This week the FTC announced that it is mailing checks to nearly 350,000 people as part of the $200 million settlement with Herbalife. The July 2016 settlement between FTC and Herbalife was one of the largest redress distributions the agency has made in any consumer protection action to date.
“We are pleased to announce that hundreds of thousands of hard-working consumers victimized by Herbalife’s deceptive earnings claims will receive money back,” said Jessica Rich, Director of the agency’s Bureau of Consumer Protection. “Along with changes the company will make to its business structure, this is a win for consumers.”
To coincide with the redress announcement, FTC also said it was a, “good time for some straight talk with members of the MLM industry”.
“The FTC has a more than 40-year history challenging unfair and deceptive MLM practices, including recent law enforcement actions against Herbalife and Vemma,” states the agency in a blog post.“[I]ndustry members can learn a lot by reviewing the conduct the FTC says violated the law and understanding the principles underlying those orders.”
The four key lessons outlined by FTC are:
1. False or unsubstantiated earnings claims violate the FTC Act: “Established truth-in-advertising standards apply to all companies within the FTC’s jurisdiction, and that includes MLMs,” states the FTC. “Every MLM case the FTC has brought to date has alleged – among other things – misleading money-making representations.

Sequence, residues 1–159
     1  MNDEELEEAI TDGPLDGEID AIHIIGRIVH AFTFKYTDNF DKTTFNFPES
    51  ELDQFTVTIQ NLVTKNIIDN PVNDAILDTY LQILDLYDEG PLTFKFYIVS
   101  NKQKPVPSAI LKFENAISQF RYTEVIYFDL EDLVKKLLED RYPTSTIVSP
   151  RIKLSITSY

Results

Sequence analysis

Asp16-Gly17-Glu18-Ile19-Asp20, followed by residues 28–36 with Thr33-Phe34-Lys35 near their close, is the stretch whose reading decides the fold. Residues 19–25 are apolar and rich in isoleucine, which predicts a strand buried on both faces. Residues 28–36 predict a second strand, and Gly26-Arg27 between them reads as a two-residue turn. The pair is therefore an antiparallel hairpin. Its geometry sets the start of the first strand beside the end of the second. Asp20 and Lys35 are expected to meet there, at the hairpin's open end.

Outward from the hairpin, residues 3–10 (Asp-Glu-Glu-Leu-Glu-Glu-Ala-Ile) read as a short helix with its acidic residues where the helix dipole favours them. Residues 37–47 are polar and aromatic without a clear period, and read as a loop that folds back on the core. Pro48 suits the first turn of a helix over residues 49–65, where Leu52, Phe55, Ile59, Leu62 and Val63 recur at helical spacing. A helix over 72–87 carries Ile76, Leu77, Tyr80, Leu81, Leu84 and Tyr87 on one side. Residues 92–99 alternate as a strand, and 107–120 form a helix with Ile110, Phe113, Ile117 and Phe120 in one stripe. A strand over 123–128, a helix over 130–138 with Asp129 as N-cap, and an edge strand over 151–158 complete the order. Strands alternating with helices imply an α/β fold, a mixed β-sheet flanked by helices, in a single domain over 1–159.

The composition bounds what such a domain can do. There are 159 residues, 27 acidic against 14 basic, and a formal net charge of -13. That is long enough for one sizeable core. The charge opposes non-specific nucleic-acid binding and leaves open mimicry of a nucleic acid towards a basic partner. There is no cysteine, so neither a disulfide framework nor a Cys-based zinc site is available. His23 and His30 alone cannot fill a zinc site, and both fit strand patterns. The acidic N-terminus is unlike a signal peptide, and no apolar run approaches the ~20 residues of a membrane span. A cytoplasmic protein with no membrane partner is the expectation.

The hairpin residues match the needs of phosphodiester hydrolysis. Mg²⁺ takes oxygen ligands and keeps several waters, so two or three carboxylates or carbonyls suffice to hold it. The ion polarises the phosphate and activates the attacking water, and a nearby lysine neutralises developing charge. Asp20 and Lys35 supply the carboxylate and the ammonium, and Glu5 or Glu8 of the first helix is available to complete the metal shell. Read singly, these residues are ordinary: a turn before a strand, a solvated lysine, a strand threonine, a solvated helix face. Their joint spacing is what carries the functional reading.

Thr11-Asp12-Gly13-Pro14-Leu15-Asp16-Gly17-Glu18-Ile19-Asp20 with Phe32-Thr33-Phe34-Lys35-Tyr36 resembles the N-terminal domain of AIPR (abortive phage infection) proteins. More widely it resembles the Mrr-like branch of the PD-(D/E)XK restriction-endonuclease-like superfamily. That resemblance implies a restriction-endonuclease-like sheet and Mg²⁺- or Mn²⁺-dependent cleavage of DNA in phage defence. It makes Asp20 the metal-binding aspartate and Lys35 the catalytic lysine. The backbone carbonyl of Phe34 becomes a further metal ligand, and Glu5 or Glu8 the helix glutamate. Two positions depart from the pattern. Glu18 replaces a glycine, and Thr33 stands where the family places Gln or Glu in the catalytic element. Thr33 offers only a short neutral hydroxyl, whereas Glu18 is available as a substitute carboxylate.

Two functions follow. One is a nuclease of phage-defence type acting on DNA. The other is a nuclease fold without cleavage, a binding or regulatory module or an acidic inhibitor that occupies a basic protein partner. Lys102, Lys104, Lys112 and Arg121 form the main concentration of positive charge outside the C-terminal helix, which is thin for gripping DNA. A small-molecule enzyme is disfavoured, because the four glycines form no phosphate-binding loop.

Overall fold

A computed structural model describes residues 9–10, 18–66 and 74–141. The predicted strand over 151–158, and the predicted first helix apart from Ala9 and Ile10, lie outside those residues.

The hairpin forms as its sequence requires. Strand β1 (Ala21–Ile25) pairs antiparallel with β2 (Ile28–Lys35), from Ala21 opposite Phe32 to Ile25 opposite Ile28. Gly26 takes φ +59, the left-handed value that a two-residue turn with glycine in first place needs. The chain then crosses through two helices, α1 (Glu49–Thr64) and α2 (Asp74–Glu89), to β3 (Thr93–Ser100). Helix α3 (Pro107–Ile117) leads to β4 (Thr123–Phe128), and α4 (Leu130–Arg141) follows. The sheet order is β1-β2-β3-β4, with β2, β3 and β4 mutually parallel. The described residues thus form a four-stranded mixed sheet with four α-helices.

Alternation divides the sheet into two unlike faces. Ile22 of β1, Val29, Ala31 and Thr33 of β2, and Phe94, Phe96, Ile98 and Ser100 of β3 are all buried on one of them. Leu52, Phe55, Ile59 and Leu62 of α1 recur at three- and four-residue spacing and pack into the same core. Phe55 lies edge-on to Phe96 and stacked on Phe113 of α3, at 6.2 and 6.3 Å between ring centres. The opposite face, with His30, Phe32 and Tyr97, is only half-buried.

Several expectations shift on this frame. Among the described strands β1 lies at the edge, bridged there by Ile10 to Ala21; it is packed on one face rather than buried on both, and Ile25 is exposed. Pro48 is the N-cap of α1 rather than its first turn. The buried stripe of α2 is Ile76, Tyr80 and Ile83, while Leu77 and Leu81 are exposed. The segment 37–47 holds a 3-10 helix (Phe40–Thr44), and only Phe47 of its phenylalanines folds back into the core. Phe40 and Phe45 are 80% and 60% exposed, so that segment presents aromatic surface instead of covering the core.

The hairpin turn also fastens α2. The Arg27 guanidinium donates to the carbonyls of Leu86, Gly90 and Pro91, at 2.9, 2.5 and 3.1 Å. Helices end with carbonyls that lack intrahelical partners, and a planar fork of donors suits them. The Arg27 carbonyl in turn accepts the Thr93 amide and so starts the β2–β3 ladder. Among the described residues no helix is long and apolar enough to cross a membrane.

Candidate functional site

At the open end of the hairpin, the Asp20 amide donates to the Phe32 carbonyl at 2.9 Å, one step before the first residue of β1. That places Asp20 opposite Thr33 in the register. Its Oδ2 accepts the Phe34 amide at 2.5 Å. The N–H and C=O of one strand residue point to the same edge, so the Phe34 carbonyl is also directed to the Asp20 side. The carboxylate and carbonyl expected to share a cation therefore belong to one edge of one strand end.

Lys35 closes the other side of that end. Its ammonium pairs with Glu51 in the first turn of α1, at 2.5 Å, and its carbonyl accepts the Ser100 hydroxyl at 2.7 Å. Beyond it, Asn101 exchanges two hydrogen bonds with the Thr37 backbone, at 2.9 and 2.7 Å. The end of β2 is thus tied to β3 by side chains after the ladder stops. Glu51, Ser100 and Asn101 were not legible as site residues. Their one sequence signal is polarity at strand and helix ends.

“Regardless of whether it’s hard sell or soft soap, deception is deception. And let’s face it: The facts bear out that very few MLM participants earn more than a small amount of supplemental income. That’s why it’s unwise for MLMs to make earnings claims – expressly or by implication – that don’t reflect what typical participants achieve.”
2. Monitor the claims your distributors are making: “Some industry members may respond, “We never make earnings claims!” Maybe not, but what are your distributors saying?
“[I]f your distributors are making misleading claims, you could be liable. MLMs should have an effective monitoring program to ensure that distributors comply with the law and aren’t conveying misleading claims. In addition, MLMs should provide sufficient information and training so that prospective recruits have a realistic picture of the business.”
3. At the heart of a legitimate MLM are real sales to real customers: “For companies acting within the law, the business is driven by selling products to real customers”, and that means the products is being bought and used by people unaffiliated with the company.
4. Make sure compensation and other incentives are tied to real sales to real customers: “The FTC complaints against Herbalife and Vemma challenged compensation structures that rewarded distributors without regard to retail sales. The court-enforceable orders in those cases require the companies to dismantle those systems. In their place, Herbalife and Vemma must implement systems that incentivize participants to sell products to people outside the network. Is it time to take a closer look at your MLM’s compensation structure?”